Thursday, May 27, 2010

The dreaded babysitting call was a close thing

Hump Day
By Brian Cormier
Wednesday, May 26, 2010
Moncton Times & Transcript
Editorial section

The telephone rang innocently enough. Little did I know the horror that awaited me on the other end of the line when I answered. It was my sister.

"What are you doing tomorrow between 9 a.m. and 1 p.m.?" she asked. Internally, I screamed the scream that told the audience watching a horror movie that the pretty girl who'd just entered the basement was being murdered.

I knew what she was about to ask. Uncle Brian was being coaxed into babysitting my four-year-old nephew. I've spent time with him, of course, but always in the company of my sister or my mother, who babysits him often. I babysat him for an hour once when my sister had to get groceries and he was sick, but that was about it. I remember spending the entire hour praying, "Dear God, please don't let him need to go to the bathroom."

Luckily, God was in a good mood on that particular one-hour gig and my nephew was contented to watch television and play with his toys while I sat there doing a 36-piece puzzle and then looking all over the living room for the last piece, only to find out afterwards that it had been lost ages ago. I invested three minutes of my life into making that 36-piece puzzle! Where's the justice? When would I get those minutes back, huh?

Anyway -- back to my story. So, come to hear that my sister had been called in to work on Saturday from 9 a.m. to 1 p.m. and my mother was going out of town. Now, I should be honoured that I'm thought of highly enough by my sister for her to entrust the life of her only offspring over to me, right?

Had you witnessed some of the knock-down-drag-'em-out fights my sister and I had when we were kids, you probably wouldn't have guessed that she'd actually want me to babysit her child for fear that I would get revenge for some argument from 1975 by sending him out to play in traffic. But we were kids, then. Now, we're adults and things have changed. She wanted me -- her beloved (cough!) and trusted (cough!) big brother -- to babysit her little man.

Now, I love kids. I think they're fun and cute. I'm not intimidated by them at all. I'm a good uncle and godfather, and I don't forget birthdays or Christmas. But... when they need the bathroom, my eyes glaze over and I pray for an aneurysm to take me swiftly and silently into the waiting arms of the Lord. I don't do bathrooms or diapers.

I stood in the middle of my living room that Friday night, sweating bullets, trying to come up with some sort of excuse. I couldn't tell her my grandmother had died. After all, we have the same grandmothers and I'm pretty sure she knows they've been dead for 27 and 31 years respectively. Maybe she had a bad memory and I could try the excuse? No, that wouldn't work. I think she'd remember something like that.

Now, don't get me wrong. I love my nephew. He's cute -- like his Uncle Brian. He's smart -- like his Uncle Brian. He's chatty -- like his Uncle Brian. He's fully toilet trained -- like his Uncle Brian, too. (Thankfully, my parents wouldn't let me go to university without being toilet trained first.)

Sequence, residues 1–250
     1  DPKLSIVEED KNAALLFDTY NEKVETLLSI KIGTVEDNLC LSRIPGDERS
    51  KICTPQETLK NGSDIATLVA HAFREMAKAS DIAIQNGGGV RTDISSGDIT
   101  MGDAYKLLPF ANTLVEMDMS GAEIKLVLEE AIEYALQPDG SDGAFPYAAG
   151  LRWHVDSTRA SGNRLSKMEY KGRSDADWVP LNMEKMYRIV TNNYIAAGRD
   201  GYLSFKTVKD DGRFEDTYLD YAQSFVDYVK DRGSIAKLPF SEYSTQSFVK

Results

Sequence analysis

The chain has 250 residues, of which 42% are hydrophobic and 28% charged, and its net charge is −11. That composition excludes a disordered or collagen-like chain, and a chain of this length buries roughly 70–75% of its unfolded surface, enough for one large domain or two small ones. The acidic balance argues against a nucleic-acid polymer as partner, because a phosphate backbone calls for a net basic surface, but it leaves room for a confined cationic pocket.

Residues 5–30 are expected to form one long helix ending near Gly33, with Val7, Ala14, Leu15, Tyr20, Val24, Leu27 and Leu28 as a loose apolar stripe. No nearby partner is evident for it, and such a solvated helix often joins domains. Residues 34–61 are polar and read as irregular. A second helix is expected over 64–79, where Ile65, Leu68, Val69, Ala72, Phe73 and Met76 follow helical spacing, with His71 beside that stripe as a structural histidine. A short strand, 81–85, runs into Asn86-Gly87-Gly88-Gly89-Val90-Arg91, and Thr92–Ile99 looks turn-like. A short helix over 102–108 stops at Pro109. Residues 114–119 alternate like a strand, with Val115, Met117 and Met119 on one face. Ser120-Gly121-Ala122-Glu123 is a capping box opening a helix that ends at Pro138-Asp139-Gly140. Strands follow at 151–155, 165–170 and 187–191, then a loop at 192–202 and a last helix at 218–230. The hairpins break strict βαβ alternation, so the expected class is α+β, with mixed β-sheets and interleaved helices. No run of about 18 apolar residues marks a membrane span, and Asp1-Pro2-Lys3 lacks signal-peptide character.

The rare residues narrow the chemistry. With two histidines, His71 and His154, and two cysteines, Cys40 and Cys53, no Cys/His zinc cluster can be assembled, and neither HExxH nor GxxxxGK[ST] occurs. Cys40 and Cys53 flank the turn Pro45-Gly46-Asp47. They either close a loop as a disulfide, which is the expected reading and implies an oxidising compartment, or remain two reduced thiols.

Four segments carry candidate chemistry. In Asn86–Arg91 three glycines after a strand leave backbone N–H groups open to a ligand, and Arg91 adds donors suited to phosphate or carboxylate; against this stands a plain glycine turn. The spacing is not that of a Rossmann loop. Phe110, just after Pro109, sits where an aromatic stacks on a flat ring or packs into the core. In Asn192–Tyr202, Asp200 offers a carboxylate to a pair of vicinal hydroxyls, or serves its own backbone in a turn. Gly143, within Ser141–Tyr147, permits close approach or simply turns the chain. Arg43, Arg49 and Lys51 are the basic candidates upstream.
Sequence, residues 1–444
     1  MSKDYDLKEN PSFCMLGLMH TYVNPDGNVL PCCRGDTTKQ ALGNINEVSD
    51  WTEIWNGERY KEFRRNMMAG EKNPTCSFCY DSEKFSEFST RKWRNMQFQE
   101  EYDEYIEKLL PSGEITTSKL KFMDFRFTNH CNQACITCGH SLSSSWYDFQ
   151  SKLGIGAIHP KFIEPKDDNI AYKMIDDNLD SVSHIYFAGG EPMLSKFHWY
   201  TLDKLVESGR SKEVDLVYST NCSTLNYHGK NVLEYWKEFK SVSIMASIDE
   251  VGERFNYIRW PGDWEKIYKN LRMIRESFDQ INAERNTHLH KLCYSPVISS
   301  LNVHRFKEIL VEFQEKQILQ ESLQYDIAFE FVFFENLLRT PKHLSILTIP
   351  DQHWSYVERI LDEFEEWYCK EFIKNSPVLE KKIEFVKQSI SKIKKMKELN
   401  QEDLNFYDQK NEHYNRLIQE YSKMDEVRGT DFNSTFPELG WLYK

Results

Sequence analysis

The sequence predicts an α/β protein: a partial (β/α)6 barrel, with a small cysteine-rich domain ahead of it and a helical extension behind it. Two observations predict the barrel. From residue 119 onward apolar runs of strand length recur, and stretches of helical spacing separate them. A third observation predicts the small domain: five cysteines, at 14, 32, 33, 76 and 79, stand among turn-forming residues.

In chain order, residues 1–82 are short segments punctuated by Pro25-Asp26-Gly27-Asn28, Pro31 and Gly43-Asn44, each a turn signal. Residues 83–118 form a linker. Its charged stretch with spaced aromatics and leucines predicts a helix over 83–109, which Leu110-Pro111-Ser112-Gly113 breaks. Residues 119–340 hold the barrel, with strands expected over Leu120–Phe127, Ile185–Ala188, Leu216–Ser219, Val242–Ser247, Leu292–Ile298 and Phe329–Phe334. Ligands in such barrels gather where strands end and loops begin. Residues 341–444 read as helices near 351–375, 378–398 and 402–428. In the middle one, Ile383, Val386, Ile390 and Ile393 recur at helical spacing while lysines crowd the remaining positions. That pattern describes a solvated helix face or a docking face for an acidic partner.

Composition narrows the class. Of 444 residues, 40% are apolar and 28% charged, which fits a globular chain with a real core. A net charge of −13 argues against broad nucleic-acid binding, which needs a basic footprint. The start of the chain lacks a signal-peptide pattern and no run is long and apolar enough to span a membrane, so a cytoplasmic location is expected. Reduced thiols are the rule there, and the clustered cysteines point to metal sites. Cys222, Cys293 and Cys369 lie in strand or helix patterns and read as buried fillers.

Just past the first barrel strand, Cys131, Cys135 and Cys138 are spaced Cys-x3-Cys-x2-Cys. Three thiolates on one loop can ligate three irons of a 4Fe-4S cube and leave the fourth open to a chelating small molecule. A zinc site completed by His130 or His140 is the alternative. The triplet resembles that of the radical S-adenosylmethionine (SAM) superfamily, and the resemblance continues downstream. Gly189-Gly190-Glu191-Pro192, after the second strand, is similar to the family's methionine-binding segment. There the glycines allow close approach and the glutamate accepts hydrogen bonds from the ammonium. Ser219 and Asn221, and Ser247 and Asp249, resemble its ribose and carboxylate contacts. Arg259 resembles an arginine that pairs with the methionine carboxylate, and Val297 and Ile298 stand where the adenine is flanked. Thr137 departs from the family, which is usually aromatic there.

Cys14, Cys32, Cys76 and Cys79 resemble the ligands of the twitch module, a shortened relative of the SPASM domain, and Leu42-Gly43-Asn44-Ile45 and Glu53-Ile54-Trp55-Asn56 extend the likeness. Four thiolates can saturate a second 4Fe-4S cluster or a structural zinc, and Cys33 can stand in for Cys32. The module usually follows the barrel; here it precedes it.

But the full toilet training situation (for him, not me) is only a more-or-less recent thing. In my mind, he still hasn't fully graduated into the kid who can take care of himself in that department. I still think of him as the kid who says, "Mommy, I need da bafroom... now!" followed by him being picked up and run with through the house and thrown on the potty, then singing, stories, being ignored -- or whatever other technique was being used that week. My own Uncle Brian technique would have consisted of holding him out an open window and squeezing, but no one thought that was as hilarious as I did when I brought it up at a family dinner. Party poopers... no pun intended.

Thankfully, his other grandmother was able to babysit, so my babysitting job was cancelled, much to my relief -- and guilt.

I mean, he's only four years old. How much trouble could it have been? But what would have happened had he reverted to those pre-potty-trained days had my babysitting traumatized him into age regression?

Well, had I been forced to babysit him, I would have just distracted him every time he needed to go. That's all there would be to it. As soon as I heard, "Unca Bwyan, I gotta go to da bafroom," I would have used my superior mental ability and attention span to trick the little bugger into another activity. "Hey, how about McDonald's? You can go to the bafroom... I mean the bathroom... after McDonald's. How does that sound?" And, of course, he'd be very happy with that and we'd go to McDonald's. Crisis averted.

But there's only so long you can hold off Mother Nature.

Eventually, I'd run out of tricks or he'd start seeping like a leaky rain barrel. My scheme would only last a few hours, and if his mother was late arriving to pick him up, it could be catastrophic.

After hours of delays, he would pretty much be ready to explode. Then, his mother would thankfully arrive. "Hi, how did you make out?" she would ask. "Great... great... Very busy now! I've got lots to do! Here you go!" I'd say, throwing him in the back seat. "I just heard on the police scanner that your house is burning. Better go home now." In a panic, she would speed down the street to get to her "burning" house.

She'd never be expecting the explosion from the back seat before she'd even get to the end of my street, but my no-bathroom-while-babysitting record would be intact.

I'd owe her a new car, but it would be worth it. Yup, well worth it.

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